Credit cards were leveraged all the way until the limits were tested. I became a ninja at doing 0% APR balance transfers, activating offers as they showed up at my door and moving balances around with precision. There was no end goal in sigh to the debt, and it had an effect on how I could spend my free time. There was a period when luxuries like going out were traded for video games and a six-pack in the condo.

The risks are real, but very few people take them, which is why the rewards waiting for those risk takers is very high. The best advice I have received as it concerns risk is to take the largest risks while you are younger as it gives you a lot of time to recover from them should you suffer from misfortune.

4. Outwork Everyone

There is no substitute for hard work in life. While there is no shortage of people who will complain about their 9-5 job, there is a severe shortage of people who will set their alarm at 5 AM, and absolutely attack the day. Every Entrepreneur I know who has incredible financial fortune understands this and lives by this model. I know sales people who routinely work all day, only to entertain a client over happy hour, and then work on new business over a dinner – sometimes two.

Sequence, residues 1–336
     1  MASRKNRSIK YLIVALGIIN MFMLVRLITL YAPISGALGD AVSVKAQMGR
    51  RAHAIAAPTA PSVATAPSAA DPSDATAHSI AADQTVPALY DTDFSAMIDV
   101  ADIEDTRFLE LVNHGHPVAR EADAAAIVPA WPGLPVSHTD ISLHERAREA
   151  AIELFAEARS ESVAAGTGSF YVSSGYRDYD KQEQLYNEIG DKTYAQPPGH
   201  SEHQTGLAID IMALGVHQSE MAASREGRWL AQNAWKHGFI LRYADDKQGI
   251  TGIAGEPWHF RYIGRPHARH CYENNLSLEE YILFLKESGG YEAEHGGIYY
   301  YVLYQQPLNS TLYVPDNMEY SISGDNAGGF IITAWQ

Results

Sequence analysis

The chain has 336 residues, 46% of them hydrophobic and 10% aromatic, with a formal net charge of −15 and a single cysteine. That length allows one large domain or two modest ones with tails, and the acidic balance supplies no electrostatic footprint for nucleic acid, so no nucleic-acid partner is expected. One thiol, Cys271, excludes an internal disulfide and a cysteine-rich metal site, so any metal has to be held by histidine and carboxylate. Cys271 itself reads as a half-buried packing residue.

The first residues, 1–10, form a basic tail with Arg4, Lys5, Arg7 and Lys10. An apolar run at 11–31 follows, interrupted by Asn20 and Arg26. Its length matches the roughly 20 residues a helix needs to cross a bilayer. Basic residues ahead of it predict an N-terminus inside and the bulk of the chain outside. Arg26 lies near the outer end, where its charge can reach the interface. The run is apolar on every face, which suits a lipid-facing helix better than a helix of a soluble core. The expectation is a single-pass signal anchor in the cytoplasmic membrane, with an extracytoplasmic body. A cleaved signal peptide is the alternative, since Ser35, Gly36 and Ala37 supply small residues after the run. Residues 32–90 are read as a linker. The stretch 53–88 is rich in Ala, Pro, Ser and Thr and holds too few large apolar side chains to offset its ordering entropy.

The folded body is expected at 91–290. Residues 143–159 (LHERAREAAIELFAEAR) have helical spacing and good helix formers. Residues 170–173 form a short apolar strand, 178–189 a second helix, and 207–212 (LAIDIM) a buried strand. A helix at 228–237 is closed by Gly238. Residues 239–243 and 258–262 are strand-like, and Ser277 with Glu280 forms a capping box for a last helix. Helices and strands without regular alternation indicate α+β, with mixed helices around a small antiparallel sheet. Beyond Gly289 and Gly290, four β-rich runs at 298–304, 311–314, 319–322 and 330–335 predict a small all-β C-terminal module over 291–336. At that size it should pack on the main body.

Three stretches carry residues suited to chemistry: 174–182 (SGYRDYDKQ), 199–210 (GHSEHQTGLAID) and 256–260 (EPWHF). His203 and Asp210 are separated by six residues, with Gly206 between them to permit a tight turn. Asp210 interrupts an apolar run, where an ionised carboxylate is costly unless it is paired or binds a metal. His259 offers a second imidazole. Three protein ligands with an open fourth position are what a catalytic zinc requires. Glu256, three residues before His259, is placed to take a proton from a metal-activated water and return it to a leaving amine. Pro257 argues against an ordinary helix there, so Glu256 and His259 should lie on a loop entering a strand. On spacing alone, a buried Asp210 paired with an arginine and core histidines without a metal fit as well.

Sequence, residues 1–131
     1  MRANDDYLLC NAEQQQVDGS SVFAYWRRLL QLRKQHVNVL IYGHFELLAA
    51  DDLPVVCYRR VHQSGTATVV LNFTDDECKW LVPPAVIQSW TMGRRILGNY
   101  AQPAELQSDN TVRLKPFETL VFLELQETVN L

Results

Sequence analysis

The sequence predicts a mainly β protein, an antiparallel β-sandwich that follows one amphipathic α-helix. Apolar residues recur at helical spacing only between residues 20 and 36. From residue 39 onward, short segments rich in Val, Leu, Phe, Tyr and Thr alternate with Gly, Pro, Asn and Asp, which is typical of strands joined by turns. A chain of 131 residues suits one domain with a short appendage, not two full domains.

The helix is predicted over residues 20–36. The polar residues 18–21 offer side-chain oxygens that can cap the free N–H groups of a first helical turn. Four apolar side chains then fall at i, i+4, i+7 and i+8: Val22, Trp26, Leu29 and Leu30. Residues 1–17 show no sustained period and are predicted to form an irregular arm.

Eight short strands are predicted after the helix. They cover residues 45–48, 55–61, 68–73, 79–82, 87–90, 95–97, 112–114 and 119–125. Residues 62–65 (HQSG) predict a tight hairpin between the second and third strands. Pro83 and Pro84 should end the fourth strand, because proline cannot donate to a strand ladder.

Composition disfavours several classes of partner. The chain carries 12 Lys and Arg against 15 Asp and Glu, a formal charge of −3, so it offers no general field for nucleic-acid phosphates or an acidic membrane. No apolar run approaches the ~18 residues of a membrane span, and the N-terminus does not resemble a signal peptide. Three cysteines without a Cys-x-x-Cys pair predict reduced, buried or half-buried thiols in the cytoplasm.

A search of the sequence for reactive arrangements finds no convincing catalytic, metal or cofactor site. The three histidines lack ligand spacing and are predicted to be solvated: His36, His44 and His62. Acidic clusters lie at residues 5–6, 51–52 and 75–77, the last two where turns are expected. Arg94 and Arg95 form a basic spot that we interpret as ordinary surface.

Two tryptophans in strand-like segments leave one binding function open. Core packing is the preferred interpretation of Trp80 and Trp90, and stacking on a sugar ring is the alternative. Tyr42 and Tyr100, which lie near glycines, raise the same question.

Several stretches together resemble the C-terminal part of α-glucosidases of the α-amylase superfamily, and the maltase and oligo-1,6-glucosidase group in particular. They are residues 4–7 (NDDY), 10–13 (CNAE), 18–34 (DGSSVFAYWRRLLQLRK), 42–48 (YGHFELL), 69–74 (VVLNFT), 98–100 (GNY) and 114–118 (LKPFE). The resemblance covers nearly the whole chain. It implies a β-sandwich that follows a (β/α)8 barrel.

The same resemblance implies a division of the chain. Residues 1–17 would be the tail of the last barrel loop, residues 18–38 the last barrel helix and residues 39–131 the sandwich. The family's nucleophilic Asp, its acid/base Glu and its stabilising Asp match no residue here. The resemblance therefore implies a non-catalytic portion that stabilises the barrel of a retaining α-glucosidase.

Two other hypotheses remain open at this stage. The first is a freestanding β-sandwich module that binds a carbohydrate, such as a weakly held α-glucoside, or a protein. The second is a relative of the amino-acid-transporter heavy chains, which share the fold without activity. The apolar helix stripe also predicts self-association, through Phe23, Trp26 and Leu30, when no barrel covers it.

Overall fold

This is the extreme you have to set for yourself if you want to join the fast-moving pace of being an Entrepreneur. There are no shortcuts for your time, and you must be able to have the energy to keep things moving.

5. Hire People Who Know More Than You

The biggest mistake you can make when you have employees or outsourced helpers who help you create revenues is get someone who doesn’t know the topic as well as you. When hiring people for tasks, you need to know where they excel, and the perfect candidate knows the task much better than you and can actually teach YOU how to do it more efficiently.

There is nothing more enjoyable than paying someone and having them come in and taking charge and showing everyone how things are done.

Florist and his customer

6. Take Care of Your Customers

The online shoe store, Zappos.com, is perhaps the best example of a company that was founded on the principle of providing unparalleled customer service. Realizing that at the time of their launch, many people were still leery of ordering items online. It was a new concept that many people simply weren’t comfortable with. CEO Tony Hseh was adamant about making Zappos a company that went above and beyond for their customers. In the process, he won the Ernst & Young Entrepreneur Of The Year award for the Northern California region in 2007, and Zappos has been one of the most successful Internet brands in history.

When you are in your early stages, keeping customers on board is absolutely key. You only have one chance to make a first impression on a customer experience, so if you make an error, over-compensate them to make it right. Stories of companies taking care of their customers may not always go viral, but on the contrary, horror stories of bad experiences often do make it to the media. You can’t afford to have any bad PR early on, as it sets the tone for a long time to come.